A Report from the 2015 Lean Startup Conference
It’s a cruel paradox that many big businesses that are trying to transform to be more innovative, agile and responsive to customers are hamstrung by the very culture they’re attempting to fix.
Here at the Lean Start-up conference in California, I estimate 85 per cent of delegates are from big businesses. This is a conference about start-ups but not particulary for start-ups. What’s notable is that many are first-timers, so there’s a hunger for knowledge about innovation transformation but a lot of confusion about how to get going.
That’s to be expected. Thinking like a start-up comes naturally when there’s just a handful of you but thinking like a start-up when you’re a 50,000-employee business with billions of dollars in revenue, regulators and shareholders to placate is much more difficult. People here are looking for clues about how to proceed.
They know their companies are on the line and time is running out.
Here the likes of GE, Intuit, Dropbox, international companies and the cream of Silicon Valley’s venture capital community surround me, so it’s happening everywhere. The implications for our national prosperity will touch us in profound ways we can’t imagine.
So where to start on your innovation journey? Here is my selection of the best ideas from those leading the transformation charge at the conference:
1. Everyone struggles (at first) to think like a start-up
Yours is a big company, possibly dominant in its field so just changing thought processes is a challenge in itself. But as Harvard Business Review showed, just because you have heritage doesn’t mean you can’t use Lean Start-up. The 94-year-old specialist management publisher went from print-only to a significant online and social presence in just a few years. It now has 6 million online visitors a month and 300,000 subscribers paying, in the case of Australia’s 12,735 subscribers, up to A$220 a year. It has also added premium tools and mobile apps to broaden its reader engagement and carve out niches.
2. Take time and be tenacious
Expect pushback, especially from entrenched conservatives. Transformative change won’t happen overnight so you must be tenacious. Resist the urge to give up, be cowed by naysayers or retreat. And just like in a small start-up, progress isn’t linear; allow yourself to recover from setbacks and push on. The experience of businesses such as GE was that those who stuck with the programme were the ones that were successful.
3. Top-down or bottom-up – it’s your call
While we would all like the CEO and C-suite to buy into our vision, that’s not always possible and that’s OK. Seek out smaller areas of the business where you can make a marked and measurable impact. Form a guiding coalition of supporters to evangelise through the business, showing wins and performance gains along the way. US health insurer Humana is an example of a mature organisation that embraces cultural and process changes right down to changing its office layouts to further innovation at every point in the business.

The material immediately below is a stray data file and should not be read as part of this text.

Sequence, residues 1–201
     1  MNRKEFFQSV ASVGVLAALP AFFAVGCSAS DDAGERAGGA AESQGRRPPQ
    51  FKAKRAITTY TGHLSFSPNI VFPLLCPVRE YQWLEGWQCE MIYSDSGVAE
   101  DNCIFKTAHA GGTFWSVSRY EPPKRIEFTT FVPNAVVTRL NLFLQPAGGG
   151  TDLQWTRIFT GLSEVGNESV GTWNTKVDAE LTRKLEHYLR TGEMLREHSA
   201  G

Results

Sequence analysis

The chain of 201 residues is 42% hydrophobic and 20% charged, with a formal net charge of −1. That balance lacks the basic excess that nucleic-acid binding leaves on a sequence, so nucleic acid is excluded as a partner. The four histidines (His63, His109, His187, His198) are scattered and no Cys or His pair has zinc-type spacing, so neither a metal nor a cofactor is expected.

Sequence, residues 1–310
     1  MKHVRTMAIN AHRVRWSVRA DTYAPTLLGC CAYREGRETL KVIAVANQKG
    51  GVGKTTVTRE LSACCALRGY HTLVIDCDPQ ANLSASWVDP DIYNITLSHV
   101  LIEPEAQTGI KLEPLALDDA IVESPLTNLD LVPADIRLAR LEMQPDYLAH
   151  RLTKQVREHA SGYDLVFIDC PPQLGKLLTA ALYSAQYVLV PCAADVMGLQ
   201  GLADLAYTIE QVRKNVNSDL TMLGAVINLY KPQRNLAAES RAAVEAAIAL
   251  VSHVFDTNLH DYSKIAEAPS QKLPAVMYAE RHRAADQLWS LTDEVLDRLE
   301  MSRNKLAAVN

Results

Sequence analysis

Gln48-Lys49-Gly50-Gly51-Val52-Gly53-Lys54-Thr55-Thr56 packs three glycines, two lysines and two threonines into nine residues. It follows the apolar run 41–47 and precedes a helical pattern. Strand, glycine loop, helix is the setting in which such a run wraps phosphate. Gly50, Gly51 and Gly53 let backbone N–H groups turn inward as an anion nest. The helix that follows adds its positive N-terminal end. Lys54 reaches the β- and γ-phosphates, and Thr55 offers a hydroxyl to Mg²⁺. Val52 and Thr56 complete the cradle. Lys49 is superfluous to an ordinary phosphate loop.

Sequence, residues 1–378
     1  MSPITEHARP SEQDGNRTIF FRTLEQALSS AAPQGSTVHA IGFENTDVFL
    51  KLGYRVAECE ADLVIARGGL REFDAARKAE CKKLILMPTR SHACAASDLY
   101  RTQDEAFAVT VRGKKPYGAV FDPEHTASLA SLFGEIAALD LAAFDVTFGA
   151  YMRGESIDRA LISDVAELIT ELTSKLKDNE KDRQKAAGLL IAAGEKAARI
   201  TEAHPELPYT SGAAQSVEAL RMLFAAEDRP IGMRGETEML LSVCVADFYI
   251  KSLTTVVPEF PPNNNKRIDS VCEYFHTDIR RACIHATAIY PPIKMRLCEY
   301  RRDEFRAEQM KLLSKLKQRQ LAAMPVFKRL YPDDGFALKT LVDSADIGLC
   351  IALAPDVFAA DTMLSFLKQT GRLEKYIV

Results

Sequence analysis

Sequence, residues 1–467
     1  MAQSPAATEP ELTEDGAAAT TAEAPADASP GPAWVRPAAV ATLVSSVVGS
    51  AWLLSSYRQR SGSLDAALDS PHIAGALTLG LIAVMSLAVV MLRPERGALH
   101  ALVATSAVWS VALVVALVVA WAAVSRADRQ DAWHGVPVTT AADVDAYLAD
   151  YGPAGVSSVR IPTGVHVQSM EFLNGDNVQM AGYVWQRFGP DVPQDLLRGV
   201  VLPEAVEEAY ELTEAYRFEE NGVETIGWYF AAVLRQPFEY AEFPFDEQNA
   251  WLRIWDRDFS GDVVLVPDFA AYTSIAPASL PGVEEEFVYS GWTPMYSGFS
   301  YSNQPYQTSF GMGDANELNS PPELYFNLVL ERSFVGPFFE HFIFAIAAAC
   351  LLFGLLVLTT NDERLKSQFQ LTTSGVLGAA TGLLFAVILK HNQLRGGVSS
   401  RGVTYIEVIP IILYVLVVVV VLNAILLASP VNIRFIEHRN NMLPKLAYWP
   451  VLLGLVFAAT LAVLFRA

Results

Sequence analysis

4. Go beyond slogans
If you chose a top-down approach, make it matter. Too many Australian organisations have token innovation programmes that are marketing window-dressing. Transplanting a few people from a 1000-person business into an incubator does nothing for internal innovation. Like any important programme, consider what resources and ‘air cover’ from senior management are required, work out what’s going to happen, who will be involved and the training they will need to succeed.
5. Think like a start-up every day and everywhere
Organisations want to be perceived as dynamic and agile but thinking like a start-up should permeate every employee’s actions. In GE’s case, the diversified global giant is implementing its take on Lean Start-up – GE ‘FastWorks’ everyday, by asking its 170,000 professionals to frame day-to-day activities and conversations as if they were working in a start-up where every action must have impact.
6. Change the language of ‘failure’
What we say influences how we think. ‘Failure’ has a negative connotation. But failure is liberating. It means learning quickly if a project will sap resources and morale. If you fail early, you’re freed to try something that will succeed. But if your people are hung up on the word, failure, change it to something less confronting like ‘explore’ or ‘experiment’ – then go back to failing fast because it’s the best way to succeed in the long run.
7. Committed teams are essential for success
As you grow your innovation practice in the business, people will rally to you. Make sure they are equally passionate and well placed to further the innovation mission. Each team member should make an impact to drive transformation using principles like Lean Start-up, Design Thinking and Open Innovation.
We have to start a discussion about how Australia’s organisations will embrace innovation and we have to do it today.
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Jeffrey Tobias’ career in the application of information technology, strategy and innovation has spanned academia, consulting, big and small business, government, research and entrepreneurship. He is Director of The Strategy Group, delivering strategic advice on Innovation, Design Thinking, Lean Startup, Ideation, Collaboration and Globalisation to corporations and governments, and is an active Angel Investor in the technology space.